CHARLOTTESVILLE, Va. -- Justin Scott said he spoke to his friend Heather Heyer just before the Unite the Right rally on Saturday in Charlottesville. They talked about her intentions of protesting against white nationalists.
"She wanted to go to the women's rally in DC, she wanted to go to the first rally they had here, and this time she felt she couldn't miss it," Scott said.
Scott wore a purple shirt with his friend's picture along with the words, "If you're not outraged, you're not paying attention," in gold block letters.
"She's touching more people in death than she could in life," Scott said in front of a memorial full of flowers at 4th and Water Streets.
Prior to the service, a sea of purple was seen in downtown Charlottesville as hundreds lined up more than a block away from the Paramount Theater.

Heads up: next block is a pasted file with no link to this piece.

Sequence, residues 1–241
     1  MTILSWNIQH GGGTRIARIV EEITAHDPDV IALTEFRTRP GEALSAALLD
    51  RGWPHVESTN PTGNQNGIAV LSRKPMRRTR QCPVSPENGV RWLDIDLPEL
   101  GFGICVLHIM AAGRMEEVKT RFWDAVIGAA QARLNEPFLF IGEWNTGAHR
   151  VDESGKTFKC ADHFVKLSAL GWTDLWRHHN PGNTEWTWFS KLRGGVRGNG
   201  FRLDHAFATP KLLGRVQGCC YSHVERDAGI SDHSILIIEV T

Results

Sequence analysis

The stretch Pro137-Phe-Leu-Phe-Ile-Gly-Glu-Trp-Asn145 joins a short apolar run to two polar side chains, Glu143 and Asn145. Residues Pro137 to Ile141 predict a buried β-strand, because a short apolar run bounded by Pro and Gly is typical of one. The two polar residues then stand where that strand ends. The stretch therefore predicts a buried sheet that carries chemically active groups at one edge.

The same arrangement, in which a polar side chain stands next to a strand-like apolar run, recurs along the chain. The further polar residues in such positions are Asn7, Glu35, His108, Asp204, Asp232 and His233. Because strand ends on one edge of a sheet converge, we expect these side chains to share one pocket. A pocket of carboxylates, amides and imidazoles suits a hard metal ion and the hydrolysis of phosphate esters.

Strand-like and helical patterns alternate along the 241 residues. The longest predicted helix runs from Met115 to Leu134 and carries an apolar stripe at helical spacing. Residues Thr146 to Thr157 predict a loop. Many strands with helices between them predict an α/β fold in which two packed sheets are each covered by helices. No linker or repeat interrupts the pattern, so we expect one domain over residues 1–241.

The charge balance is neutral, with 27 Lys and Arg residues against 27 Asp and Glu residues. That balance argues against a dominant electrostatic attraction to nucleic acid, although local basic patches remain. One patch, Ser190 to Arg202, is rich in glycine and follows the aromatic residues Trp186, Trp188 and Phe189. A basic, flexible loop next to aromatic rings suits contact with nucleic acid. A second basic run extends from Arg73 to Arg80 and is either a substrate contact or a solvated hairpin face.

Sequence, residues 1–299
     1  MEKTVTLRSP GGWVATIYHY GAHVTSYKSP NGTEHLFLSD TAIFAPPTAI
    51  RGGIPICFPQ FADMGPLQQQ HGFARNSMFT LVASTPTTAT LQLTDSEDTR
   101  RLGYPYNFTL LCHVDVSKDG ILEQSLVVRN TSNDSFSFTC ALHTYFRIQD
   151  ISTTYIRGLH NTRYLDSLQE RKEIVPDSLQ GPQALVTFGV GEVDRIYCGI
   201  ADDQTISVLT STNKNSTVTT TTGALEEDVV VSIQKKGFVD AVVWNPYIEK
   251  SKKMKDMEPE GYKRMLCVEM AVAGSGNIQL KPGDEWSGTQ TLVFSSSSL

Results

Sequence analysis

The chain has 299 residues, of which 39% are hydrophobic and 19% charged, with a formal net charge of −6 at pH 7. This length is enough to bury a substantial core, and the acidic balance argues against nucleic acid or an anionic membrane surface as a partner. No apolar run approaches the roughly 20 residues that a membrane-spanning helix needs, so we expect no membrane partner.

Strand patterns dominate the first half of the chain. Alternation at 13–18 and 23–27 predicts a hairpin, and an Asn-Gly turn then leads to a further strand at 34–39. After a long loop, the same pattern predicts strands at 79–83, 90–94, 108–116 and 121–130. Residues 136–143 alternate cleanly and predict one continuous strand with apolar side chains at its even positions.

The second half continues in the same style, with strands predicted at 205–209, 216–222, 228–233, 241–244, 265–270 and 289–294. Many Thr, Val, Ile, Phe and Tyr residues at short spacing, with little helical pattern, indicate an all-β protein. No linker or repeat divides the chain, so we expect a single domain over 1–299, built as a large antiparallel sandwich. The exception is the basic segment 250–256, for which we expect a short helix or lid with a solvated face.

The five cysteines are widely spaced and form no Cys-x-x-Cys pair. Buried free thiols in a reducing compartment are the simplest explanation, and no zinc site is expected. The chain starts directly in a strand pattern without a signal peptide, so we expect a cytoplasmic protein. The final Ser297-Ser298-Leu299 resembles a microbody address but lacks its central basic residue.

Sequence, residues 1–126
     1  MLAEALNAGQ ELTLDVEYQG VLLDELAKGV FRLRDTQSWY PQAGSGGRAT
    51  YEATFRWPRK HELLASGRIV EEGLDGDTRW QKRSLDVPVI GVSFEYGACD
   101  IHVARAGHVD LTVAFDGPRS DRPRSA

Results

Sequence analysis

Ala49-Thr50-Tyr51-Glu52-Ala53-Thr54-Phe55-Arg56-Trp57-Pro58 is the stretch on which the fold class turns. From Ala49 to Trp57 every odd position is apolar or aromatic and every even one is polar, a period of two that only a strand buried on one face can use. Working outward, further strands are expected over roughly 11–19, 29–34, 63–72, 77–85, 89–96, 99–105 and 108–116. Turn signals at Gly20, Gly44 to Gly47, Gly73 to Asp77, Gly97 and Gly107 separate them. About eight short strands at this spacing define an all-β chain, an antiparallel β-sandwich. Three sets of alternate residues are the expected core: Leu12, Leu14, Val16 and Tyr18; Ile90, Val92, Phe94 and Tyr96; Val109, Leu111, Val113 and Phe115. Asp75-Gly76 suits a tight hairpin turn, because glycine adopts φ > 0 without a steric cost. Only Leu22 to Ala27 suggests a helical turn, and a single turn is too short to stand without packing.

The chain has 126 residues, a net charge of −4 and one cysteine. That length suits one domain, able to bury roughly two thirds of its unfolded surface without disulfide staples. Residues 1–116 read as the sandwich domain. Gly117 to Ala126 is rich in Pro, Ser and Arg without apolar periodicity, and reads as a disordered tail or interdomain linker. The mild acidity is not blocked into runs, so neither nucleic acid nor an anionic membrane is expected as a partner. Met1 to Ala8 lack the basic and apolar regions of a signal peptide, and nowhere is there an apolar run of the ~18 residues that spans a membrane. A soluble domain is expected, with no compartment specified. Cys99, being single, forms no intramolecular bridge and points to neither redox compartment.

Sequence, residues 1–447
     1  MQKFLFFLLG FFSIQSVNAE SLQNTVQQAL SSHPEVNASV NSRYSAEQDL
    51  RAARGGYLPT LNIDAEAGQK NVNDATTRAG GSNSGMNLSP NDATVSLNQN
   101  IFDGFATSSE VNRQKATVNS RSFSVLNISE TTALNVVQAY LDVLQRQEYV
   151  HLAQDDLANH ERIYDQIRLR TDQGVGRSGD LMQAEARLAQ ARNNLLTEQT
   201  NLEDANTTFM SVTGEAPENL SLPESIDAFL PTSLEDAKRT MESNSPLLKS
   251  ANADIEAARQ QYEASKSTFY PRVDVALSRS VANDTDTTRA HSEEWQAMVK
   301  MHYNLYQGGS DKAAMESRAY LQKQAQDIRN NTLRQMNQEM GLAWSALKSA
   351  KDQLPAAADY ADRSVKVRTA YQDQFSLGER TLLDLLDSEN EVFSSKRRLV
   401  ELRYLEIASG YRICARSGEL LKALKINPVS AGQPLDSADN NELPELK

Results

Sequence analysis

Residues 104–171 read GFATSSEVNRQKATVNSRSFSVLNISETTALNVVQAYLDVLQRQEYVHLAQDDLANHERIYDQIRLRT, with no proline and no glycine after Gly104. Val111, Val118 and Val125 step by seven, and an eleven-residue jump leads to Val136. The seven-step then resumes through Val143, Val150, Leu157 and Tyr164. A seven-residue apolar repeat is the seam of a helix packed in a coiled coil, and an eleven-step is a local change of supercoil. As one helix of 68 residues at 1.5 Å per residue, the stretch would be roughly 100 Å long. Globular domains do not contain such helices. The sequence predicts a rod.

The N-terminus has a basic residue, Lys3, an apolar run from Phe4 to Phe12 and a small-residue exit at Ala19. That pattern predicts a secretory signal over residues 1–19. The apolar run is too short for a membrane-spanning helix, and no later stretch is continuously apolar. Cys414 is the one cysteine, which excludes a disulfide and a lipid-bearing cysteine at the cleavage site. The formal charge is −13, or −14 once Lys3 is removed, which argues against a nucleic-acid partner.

Heyer's service was planned inside the more than 1,600 seat theater, located just two blocks away from where she was killed.
A group of about six people, who didn't identify themselves, attracted a gaggle of journalists and cameras when they gathered at the entrance of the theater with helmets, shields, and bats.
One member quietly told reporters they were there to protect attendees since, they said, police failed to protect protesters and counter-protesters at Saturday's rally.
The group moved from the entrance after an officer asked them to leave at the request of the Heyer family, according to one member.